Wednesday, May 23, 2012

Center of Concern

Click here to read the Spring 2012 edition of Center Focus, the quarterly publication of the Center of Concern.  The newsletter contains information about the social safety net and regional economic cooperation and development. 

Tuesday, May 22, 2012

Financial Transaction Tax

The following is an excerpt from the letter written to President Obama by the JPIC Commission of the USG/UISG in Rome.  It references the potential to consider a  Financial Transaction Tax at the G-20 Summit in Mexico on June 18-19, 2012. Click here for more information from the JPIC Commission and here to sign a petition regarding this.

Here's the excerpt of the letter:

We are writing at this time concerning a matter which we believe relates to sustainable growth, economic stability and the world’s “financial architecture:” the Financial Transaction Tax (FTT). We urge you and other government leaders to assure that this topic is on the agenda of the G-20. We share the hope that a financial transaction tax could be a means to aid development in poor countries. Please give your support to a FTT that could generate funds for human development in the poorest areas of the world. At the same time, we are concerned that the concept of raising funds for development could be undermined by the pressure to raise funds for the struggling domestic economies of “developed” nations. We ask that you please insist that the revenues from any FTT be used to meet global human development objectives such at the Millennium Development Goals. We believe that the administration and implementation of such a large-scale revenue generating and distribution effort requires a new international financial structure. We urge you to promote the creation of such an international structure, free from corruption and committed to authentic human development in poor nations.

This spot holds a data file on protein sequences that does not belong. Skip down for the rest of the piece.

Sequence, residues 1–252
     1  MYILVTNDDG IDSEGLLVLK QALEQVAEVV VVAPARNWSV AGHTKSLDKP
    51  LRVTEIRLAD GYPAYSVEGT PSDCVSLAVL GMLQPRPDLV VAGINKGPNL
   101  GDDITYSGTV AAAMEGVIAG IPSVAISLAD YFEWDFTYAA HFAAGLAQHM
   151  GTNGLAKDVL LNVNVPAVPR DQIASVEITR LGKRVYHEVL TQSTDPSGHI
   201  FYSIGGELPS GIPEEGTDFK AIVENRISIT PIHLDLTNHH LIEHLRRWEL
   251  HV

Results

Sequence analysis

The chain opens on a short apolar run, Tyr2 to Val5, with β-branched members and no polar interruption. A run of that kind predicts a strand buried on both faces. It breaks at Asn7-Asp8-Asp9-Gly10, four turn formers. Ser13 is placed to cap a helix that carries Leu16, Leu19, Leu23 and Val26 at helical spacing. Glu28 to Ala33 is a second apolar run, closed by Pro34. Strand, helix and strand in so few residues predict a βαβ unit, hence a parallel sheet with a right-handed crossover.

Monday, May 21, 2012

Interfaith Worker Justice

Are you familiar with the work of Interfaith Worker Justice?  Its mission and values are:

Interfaith Worker Justice (IWJ) advances the rights of workers by engaging diverse faith communities into action, from grassroots organizing to shaping policy at the local, state and national levels. We envision a nation where all workers enjoy the rights to:
  • Wages, health care, and pensions that allow workers to raise families and retire with dignity
  • Safe working conditions
  • Organize and bargain collectively to improve wages, benefits, and conditions without harassment, intimidation, or retaliation
  • Equal protection under labor law - regardless of immigration status - and an end to the practice of pitting immigrant and U.S.-born workers against one another
  • Fair and just participation in a global economy that promotes the welfare of both domestic and foreign workers.
Click here to learn more.

Thursday, May 17, 2012

DREAM Day of Action

Do you have 5-10 minutes today to use to contact President Obama and Speaker Boehner about immigration?  As we told you last week, the "United We Dream" network is calling for a day of action today, May 17, 2012, to secure rights for all immigrants. 

President Barack Obama can be reached at (202) 456-1111 and Speaker Boehner can be reached at (202) 225-0600.